Three Recipes from Gelupo Gelato

We’re delighted to share these three delicious recipes taken from the new book Gelupo Gelato: A Delectable Palette of Ice Cream Recipes by Jacob Kenedy and published by Bloomsbury.

Mint Stracciatella

There is a big difference between the taste of fresh mint leaves and the taste of toothpaste. You cannot, as far as I know, buy areally good mint ice cream anywhere but in very few of the best ice-cream shops and gelaterie anywhere. The real deal is a refreshing breeze to make properly at home – all you need for a big mint flavour is a big bunch of mint. To keep it from oxidising (browning) in the gelato, the mint needs rapid blanching first, then rapid cooling to keep the flavour fresh. Before you start, ready yourself with a pan of unsalted boiling water and a bowl of iced water too.

Stracciatella (meaning ‘raggedy’) is like a choc-chip, where molten chocolate is run through the gelato towards the end ofits manufacture, creating fine chocolate shreds. You could omit the stracciatella for a plain mint gelato. But why would you?

Makes about 1 litre / 15 scoops

For the base bianca (yields 800ml)

130g granulated or caster sugar 40g skimmed milk powder Stabiliser: 1 level teaspoon

locust bean gum powder; or 2 tablespoons starch (arrowroot or cornflour)

640ml whole milk

40g glucose (aka dextrose) syrup or powder, or light runny honey

 

For the mint stracciatella gelato

200g mint, with stalks (2 really big bunches)

150ml double cream

50g dextrose powder or icing sugar 45g dark chocolate (70%), chopped

15g cocoa butter or coconut oil

To make the base bianca

  1. In a small bowl, stir the sugar, milk powder and stabiliser powder together
  2. Put the milk and glucose or runny honey in a Heat gently until barely simmering.
  3. Pour the contents of the bowl into the warm milk mixture in a steady stream, stirring as you go. Continue to stir until the mixture just returns to the boil, then remove from the heat.
  4. Cover the pan and leave the base to cool to room or fridge (It will keep for up to 5 days in the fridge if allowed to cool, then refrigerated immediately.)

To make the mint stracciatella gelato

  1. Have ready a large pan of boiling water and a bowl of iced
  2. Blanch the mint for literally 10 seconds in the boiling water (stalks and all), then drain and immediately refresh in the iced water.
  3. Drain the mint again and squeeze it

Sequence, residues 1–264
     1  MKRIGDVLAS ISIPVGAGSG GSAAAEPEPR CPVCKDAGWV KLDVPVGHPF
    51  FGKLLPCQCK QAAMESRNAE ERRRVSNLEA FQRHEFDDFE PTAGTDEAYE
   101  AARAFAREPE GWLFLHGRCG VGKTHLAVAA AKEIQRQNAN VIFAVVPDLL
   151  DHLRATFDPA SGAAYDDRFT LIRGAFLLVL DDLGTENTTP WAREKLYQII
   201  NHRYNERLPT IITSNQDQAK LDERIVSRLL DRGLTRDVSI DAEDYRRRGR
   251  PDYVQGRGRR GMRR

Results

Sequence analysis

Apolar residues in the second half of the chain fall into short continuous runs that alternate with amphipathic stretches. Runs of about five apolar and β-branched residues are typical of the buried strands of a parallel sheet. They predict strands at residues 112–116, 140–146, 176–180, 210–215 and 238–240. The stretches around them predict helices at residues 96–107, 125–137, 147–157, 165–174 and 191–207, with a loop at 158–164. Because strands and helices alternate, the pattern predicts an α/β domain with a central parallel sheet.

4. Blend the mint finely with the cream, dextrose powder or icing sugar and the base bianca, until it looks like a green
  5. Strain the mixture through a sieve into a bowl, pressing to get all the goodness (Discard the contents of the sieve.)
  6. Transfer the verdant liquid to your ice-cream machine and churn until fully firm.
  7. While the gelato is churning, gently melt together the chocolate and cocoa butter or coconut oil in a bowl set over a small pan of simmering (Or, use a microwave on low.) Allow the melted chocolate mixture to cool almost to room temperature.
  8. When the gelato is as firm as you’d normally say it was ready, but certainly before it balls up on the paddle, pour in the chocolate in a steadystream with the ice-cream machine still The paddle will break the chocolate mixture into shards as it solidifies. A slower pour will yield finerstrands; faster will be chunkier.
  9. Before serving, put the mint stracciatella in the freezer for half an hour or so to firm If it has been stored in the freezer longer and is too firm,allow it to soften in the fridge until scoopable.

Variations

  • Substitute the mint with coriander, then use milk chocolate in place of dark
  • Substitute the mint with half the amount in basil and use white chocolate in place of dark
  • Omit the chocolate altogether – mint gelato without stracciatella is arguably just as nice, only different.

Ricotta & Sour Cherry Gelato

Sour cherries are fêted across mainland Europe for their concentrated flavour and lip-smacking zing. The classic amarena gelato is simple fior di latte variegated with sour cherry conserve.